When I was working for an inner city charity ten years ago, there was a local umbrella body, funded by the government, which was there to offer support and advice. But there was a problem. It was difficult to actually talk to anybody because approximately 8 out of 10 phone calls brought the same reply: ‘She’s in a meeting.’ I complained about that at the time, too, on the grounds that it seriously impaired the functionality of the organisation.

So my question is this: When it’s plainly obvious that a system has gone down the wrong road, why does it take between ten and thirty years for those in charge to put it right again?

Saturday, 24 August 2013

Another Story.

I’ve decided to put a couple of previously unpublished stories up at the other blog. I think the days of getting them published are probably now done, and that removes the impediment to my releasing them here. I didn’t do so badly; over half my output found its way either into print or with internet publishers, so maybe it’s time I allowed First Rights to be used up on my own site.

I had two in mind initially. One was a conventional ghost story with a Gothic slant, the other a slightly surreal piece in which the nature of the ‘apparition’ remains a mystery. I decided to go with the latter, since it’s quite short and set in what subsequently became known as ‘the Shire.’ I’ll probably post the other in a couple of weeks. It’s here if anybody wants to read it.

Please Believe Me.

You know what really worries me about dying? The thought that somebody might boot up my computer, look at my Watch History on YouTube, and discover that a few weeks ago I watched a clip of a woman in short shorts waggling her bottom to a song called ‘She Gon’ Shake it Like a Red Nose’ sung by a man called Sage the Gemini.

I was only curious, honest I was. I’m horrified to think that my headstone might be inscribed with

Here
lie the remains of
JJ Beazley
Gone to his immortal rest
in a place
beyond the temptation
of dubious videos

I just thought it would make a change from corgis and Laurel & Hardy, that’s all. I didn’t like it, you know. In fact, I didn't even understand it. Really.

Friday, 23 August 2013

Beauty, California Style.

The boys from Mountain View run a feature called ‘News from Blogger’ in one of the blog’s inner pages. It often has a little piece about some blogger or other, somewhere in this big wide world, who is doing ever so well since he or she started following Google’s advice on how to make your blog do ever so well.

Mmm…

Anyway, at the moment they’re giving a plug to some woman from California (yes, that big wide world) who runs a salon as well as writing a blog, and they describe her as ‘a fashion and beauty expert.’

Now, hang on a minute. An expert on fashion I can believe, since fashion is a wholly manufactured concept invented by humans to fill the void left by not having to hunt mammoths any more. But beauty? Surely, an expert on beauty is someone who can see a rare radiance shining forth from the eyes, the voice, the personality, the grace, the compassion, etc, etc, etc. It isn’t about being a whizz at hair and make up. I’d be happier if they called her ‘an expert on fashion and the means of creating a deceptive appearance that magically disappears in the cold light of a wet Sunday morning’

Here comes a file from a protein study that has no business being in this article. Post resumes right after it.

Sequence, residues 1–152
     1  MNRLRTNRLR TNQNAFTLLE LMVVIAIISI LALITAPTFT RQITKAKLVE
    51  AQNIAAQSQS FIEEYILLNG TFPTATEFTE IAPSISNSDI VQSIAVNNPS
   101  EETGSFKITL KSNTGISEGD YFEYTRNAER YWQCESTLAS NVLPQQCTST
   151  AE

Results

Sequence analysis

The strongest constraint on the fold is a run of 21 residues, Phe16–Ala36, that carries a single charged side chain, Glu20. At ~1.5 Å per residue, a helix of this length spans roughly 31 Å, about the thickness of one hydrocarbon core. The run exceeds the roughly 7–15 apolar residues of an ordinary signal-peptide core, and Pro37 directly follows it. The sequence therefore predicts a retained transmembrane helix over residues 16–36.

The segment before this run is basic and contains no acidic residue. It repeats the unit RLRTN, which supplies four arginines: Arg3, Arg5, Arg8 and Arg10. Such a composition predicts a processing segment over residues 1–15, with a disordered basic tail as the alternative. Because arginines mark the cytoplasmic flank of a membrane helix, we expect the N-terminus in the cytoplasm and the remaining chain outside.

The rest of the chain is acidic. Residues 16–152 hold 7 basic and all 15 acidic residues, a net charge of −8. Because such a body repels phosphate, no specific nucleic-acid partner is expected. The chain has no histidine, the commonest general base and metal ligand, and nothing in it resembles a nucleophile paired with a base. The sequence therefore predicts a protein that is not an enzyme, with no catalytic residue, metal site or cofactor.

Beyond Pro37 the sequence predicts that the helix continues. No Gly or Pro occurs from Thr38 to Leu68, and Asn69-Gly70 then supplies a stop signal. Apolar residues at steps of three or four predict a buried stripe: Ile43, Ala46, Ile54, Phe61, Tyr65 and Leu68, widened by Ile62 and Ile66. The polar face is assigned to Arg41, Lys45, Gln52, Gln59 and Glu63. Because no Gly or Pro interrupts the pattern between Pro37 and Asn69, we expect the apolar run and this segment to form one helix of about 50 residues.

Ah, but maybe they don’t have wet Sunday mornings in California. Never thought of that.

Fascination in Small Facts.

Something has long intrigued me:

When I was a kid, you didn’t want to be drinking milk that was over about two days old. Nowadays, I often drink milk that I bought in the supermarket two weeks earlier. It still tastes fine and doesn’t curdle in hot drinks. I wondered whether they’d started adding preservatives, so tonight I asked a dairy farmer of casual acquaintance whether that’s the case.

He told me it isn’t. The reason it lasts longer, he said, is because it’s homogenised these days instead of being merely pasteurised. Unfortunately, his description of the homogenisation process was at variance with what I later read on a couple of websites, so I’ll leave it at that and accept the potential risk of a little knowledge being a dangerous thing.

(And did you know that cow milk has three times more protein in it than human milk? Water buffalo milk has even more! Fascinating.)

CG Captured on Camera.

I thought you might like to see these pictures of my Chinese ghost, taken just before she started visiting. She didn’t have the red cheomsang then, of course. It was me who provided it.

(‘Shouldn’t that be “I it was…”?’)

(‘Probably.’)

The thumb nail provides some compensation.


That Friday Feeling.